Oddly, I’ve been reading way more short fiction this year than I usually do. Or maybe I should say luckily? Because in the process of this short fiction binge I’ve been on, I started reading Alyssa Wong’s work, and that is a lucky thing indeed. “Hungry Daughters of Starving Mothers” was the first I came across after hearing it had won the 2015 Nebula Award for Best Short Story, and it stuck with me for being exactly the sort of horror that I like–a slow burn that deals with power dynamics and history and love. It is wonderfully creepy, but Wong’s prose is really what grabs you; “evocative” is too little of a term to describe how she uses language. It’s probably better to say that there are many types of nourishment (both terrifying and benign) in this story, and words are one of them. But really, you should just go to her website and select any of the work she has online. I have an extra squishy soft spot for “You’ll Surely Drown Here If You Stay” in Uncanny Magazine because I secretly adore stories written in the second person, which are notoriously tough to do right.
Get out of here, read all the things!—Emily
The Atrocity Archives and The Jennifer Morgue by Charles Stross
I’ve had Charles Stross’s Laundry books on my to-be-read pile for quite a few years, and as Tor.com will be publishing his next one in 2017, I figured it was time to push the series to the top of the list. I devoured The Atrocity Archives and I’m kicking myself for having left it so long. It’s everything I want in a book–great writing, a well thought-through magic system, characters who act consistently, and an accurate representation of the very British way of running a government department, complete with every layer of unnecessary bureaucratic bullshit that we have (unfortunately) come to expect. (I was a civil servant in my very early years, and I keep rewatching Yes Minister as a documentary).
After reading it, the sequel—The Jennifer Morgue—worked its way up to the very top of my reading list, and I was not disappointed by that, either.—Lee
The Fifth Season and The Obelisk Gate by N.K. Jemisin
I know, I know. This is one of those picks you see in everyone’s Best Of list and it just feels so expected that you develop a resistance to it. You don’t doubt that Jemisin’s Broken Earth trilogy is great, but everyone is already singing its praises, and you want to find something different and wonderful and not as lauded. And that’s great! One should follow one’s instinct to seek The Great Things. But also, on the way to seeking the great things, read The Fifth Season. It’s a deeply emotional story in a rich fantasy world, containing deep veins of love, betrayal, and magic. And it moves. It is a rocket train barreling to the coast. It is a supernova devouring a planet. Almost every chapter ends with a cliffhanger and before you know it you’ve read the whole book and are downloading the next one and reviewing your notes on the lore of this fantasy world.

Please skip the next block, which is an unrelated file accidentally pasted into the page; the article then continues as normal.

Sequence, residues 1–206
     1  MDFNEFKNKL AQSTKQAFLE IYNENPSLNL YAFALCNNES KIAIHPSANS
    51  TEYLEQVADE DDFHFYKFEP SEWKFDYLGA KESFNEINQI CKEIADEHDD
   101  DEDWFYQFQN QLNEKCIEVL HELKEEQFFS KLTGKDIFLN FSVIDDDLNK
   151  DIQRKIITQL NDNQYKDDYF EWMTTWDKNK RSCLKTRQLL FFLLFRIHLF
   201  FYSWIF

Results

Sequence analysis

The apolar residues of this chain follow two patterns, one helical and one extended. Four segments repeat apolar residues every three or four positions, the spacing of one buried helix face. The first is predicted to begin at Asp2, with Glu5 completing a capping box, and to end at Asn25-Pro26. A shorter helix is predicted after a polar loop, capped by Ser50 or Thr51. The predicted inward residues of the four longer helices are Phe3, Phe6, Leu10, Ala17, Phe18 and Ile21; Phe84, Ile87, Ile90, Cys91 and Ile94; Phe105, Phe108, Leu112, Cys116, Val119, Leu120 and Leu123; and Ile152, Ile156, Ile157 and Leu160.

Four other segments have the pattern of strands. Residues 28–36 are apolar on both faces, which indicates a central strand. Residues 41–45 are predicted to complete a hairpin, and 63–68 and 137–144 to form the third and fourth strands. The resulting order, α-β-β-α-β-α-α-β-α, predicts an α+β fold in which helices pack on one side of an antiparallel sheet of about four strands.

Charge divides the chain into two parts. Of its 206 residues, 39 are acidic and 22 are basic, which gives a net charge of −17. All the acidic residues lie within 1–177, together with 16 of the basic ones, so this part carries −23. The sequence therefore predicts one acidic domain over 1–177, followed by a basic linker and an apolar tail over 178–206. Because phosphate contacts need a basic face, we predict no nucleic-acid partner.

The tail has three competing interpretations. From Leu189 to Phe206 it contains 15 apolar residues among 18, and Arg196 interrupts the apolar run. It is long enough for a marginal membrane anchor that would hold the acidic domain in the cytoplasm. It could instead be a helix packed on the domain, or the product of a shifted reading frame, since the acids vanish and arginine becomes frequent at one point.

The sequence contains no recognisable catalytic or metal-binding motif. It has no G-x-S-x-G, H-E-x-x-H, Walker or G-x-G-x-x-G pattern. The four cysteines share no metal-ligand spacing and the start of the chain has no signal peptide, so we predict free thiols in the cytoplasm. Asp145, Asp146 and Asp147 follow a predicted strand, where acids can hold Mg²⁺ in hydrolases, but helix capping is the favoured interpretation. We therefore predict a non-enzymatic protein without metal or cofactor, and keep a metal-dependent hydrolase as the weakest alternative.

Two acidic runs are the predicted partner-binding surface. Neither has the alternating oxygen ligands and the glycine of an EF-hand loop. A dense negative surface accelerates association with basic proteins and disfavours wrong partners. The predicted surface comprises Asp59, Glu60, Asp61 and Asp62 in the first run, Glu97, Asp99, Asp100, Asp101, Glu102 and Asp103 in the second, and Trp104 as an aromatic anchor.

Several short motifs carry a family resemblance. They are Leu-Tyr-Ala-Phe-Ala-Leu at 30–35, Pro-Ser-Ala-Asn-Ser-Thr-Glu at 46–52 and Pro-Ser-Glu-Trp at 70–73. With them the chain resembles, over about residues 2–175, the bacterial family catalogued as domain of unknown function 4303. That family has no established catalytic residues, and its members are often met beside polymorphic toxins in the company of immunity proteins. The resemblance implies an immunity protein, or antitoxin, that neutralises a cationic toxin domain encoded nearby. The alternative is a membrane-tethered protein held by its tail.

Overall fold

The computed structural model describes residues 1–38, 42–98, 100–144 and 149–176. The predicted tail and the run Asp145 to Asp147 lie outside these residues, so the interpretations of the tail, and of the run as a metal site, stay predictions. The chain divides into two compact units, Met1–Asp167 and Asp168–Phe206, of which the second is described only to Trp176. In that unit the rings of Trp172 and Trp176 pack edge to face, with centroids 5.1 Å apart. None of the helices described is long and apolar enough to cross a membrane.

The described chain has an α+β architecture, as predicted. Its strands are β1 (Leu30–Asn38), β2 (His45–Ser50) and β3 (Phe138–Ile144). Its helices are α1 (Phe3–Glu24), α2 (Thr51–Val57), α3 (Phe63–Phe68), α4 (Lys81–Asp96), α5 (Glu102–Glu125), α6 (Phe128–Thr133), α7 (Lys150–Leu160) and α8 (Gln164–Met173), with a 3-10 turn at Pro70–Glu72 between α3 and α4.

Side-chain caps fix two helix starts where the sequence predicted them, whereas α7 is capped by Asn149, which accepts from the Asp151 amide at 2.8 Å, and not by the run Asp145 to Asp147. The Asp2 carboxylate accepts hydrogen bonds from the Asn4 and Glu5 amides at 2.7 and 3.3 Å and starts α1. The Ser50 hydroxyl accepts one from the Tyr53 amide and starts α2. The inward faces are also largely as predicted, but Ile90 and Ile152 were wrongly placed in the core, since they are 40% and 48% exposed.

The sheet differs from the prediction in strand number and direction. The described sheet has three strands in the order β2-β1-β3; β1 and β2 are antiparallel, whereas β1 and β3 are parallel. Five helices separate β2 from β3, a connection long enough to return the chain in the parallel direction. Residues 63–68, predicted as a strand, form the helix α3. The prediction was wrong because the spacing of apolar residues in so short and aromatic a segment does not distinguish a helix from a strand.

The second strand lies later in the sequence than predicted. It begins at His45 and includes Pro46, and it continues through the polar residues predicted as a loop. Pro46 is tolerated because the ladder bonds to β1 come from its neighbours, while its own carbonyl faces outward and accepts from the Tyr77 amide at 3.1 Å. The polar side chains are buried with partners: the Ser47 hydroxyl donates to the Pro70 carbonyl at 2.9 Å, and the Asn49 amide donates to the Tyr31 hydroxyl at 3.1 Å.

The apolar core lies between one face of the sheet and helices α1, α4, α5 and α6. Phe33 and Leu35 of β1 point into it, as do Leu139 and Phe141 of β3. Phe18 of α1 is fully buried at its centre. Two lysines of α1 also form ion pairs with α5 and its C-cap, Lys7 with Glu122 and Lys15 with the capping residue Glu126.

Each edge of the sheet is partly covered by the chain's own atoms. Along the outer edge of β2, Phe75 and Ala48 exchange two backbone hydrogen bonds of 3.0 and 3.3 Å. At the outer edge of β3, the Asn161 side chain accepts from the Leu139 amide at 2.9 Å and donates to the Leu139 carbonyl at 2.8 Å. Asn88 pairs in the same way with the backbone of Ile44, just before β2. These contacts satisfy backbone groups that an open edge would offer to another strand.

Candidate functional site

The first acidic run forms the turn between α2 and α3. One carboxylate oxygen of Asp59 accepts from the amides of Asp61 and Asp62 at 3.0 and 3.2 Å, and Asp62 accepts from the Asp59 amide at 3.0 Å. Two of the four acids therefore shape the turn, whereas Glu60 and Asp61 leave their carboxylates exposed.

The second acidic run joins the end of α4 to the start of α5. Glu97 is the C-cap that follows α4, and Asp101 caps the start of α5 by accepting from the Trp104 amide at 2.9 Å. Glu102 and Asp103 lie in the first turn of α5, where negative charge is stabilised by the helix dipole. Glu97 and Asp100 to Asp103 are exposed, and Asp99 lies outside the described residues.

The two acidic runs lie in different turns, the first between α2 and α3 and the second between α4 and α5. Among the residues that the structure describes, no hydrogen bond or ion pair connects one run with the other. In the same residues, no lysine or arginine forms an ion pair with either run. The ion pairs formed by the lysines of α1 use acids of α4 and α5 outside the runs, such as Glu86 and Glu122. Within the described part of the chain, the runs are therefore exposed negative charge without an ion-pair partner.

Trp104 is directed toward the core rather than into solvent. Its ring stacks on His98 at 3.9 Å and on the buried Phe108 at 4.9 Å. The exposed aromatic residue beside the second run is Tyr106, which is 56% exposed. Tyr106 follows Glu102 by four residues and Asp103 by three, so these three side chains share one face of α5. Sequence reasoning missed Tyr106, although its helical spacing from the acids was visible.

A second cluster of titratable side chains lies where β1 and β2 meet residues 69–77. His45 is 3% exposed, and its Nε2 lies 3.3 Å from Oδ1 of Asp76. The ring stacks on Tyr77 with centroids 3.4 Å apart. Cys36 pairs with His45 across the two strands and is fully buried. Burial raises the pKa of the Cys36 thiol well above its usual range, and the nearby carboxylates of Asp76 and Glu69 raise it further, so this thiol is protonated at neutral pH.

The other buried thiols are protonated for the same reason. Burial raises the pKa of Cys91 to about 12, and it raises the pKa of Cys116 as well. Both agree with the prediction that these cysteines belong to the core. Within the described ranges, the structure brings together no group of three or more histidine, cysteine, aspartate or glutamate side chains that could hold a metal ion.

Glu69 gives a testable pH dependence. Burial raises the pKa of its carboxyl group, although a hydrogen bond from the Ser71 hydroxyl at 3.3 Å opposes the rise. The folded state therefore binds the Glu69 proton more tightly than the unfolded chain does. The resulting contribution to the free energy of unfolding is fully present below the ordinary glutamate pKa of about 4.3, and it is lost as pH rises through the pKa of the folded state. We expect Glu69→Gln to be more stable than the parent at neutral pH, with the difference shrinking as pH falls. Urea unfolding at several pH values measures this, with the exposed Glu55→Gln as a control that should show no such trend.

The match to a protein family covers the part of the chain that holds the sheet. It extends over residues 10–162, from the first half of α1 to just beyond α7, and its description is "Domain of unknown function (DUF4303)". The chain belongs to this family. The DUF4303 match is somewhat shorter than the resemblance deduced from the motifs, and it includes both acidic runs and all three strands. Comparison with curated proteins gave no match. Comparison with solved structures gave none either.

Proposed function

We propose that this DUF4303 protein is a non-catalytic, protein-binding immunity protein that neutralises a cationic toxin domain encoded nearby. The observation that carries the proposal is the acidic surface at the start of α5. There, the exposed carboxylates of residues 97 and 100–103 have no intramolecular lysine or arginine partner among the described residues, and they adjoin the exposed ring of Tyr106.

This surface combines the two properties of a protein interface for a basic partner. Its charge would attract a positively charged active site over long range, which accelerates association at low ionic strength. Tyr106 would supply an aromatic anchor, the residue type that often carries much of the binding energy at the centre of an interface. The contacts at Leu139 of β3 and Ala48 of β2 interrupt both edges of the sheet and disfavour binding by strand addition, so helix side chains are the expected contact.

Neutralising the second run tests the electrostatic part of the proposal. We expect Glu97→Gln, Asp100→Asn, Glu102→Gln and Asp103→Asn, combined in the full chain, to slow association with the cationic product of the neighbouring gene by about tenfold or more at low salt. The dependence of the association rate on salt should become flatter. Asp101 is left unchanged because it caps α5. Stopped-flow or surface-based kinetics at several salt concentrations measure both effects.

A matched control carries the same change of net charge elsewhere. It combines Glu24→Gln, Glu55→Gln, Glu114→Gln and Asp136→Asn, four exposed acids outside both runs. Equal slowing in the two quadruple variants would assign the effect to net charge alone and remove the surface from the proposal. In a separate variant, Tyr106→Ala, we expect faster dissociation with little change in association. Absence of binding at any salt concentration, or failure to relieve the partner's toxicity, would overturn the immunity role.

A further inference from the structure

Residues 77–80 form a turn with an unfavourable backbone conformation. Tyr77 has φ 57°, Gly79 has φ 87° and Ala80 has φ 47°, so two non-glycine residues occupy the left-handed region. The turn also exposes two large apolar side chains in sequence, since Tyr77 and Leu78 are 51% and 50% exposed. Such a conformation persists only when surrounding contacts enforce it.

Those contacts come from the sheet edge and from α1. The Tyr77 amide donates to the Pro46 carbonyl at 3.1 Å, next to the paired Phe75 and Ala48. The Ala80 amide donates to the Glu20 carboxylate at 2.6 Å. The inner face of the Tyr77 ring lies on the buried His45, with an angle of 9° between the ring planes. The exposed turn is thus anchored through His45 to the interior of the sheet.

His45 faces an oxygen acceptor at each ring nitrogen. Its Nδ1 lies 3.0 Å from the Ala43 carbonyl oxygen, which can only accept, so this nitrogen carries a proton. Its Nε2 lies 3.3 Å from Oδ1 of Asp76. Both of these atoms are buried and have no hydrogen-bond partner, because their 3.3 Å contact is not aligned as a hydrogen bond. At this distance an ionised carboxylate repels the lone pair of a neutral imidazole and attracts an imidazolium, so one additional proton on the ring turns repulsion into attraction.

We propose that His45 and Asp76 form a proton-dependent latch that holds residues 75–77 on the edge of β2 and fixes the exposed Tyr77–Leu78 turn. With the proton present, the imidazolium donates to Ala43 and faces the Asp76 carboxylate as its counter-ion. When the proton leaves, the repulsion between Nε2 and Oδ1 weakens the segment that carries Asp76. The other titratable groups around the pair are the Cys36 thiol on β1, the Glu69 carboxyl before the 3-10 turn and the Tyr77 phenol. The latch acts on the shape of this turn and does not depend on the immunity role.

The Broken Earth trilogy is very satisfying. A literary meal that leaves you full and happy.—Chris
Archivist Wasp by Nicole Kornher-Stace
I’ve got absolutely no excuse for not having read Archivist Wasp the minute it came out; basically every one of my bookish friends who knows my taste insisted that I do so. Sometimes, though, it seems like books need you to wait until you’re ready for them—or you need them. And so in the middle of a difficult year, I read Wasp in a matter of days, because Wasp’s story is impossible to put down once you’ve picked it up. Every year, Wasp has to fight to keep her job as Archivist, the person who catches ghosts and uses them to learn about the past. But “fight” is an understatement: she has to kill the upstarts, young challengers who wish to take her position. In the prologue, Wasp breaks this tradition. The decision changes her life entirely: She runs from her small town and the cruel, watchful eye of her goddess’s priest. Reluctantly, she teams up with a strong ghost, a soldier who searches for the ghost of his lost love. They descend into the underworld on a frustrating, difficult quest that’s as much about Wasp understanding her world as it is about finding one solitary ghost.